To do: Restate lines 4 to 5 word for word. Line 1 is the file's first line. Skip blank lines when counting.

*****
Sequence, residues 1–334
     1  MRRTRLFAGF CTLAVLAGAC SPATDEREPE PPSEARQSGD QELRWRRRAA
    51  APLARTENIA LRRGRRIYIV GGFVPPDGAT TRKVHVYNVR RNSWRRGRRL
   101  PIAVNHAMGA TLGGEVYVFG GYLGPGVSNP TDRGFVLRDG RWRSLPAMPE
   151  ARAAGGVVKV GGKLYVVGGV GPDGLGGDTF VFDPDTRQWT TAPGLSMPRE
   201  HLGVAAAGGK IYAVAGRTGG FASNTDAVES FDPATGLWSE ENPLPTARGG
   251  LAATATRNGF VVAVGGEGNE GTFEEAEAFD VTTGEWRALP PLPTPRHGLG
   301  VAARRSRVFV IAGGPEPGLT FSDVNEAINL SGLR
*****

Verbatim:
   101  PIAVNHAMGA TLGGEVYVFG GYLGPGVSNP TDRGFVLRDG RWRSLPAMPE
   151  ARAAGGVVKV GGKLYVVGGV GPDGLGGDTF VFDPDTRQWT TAPGLSMPRE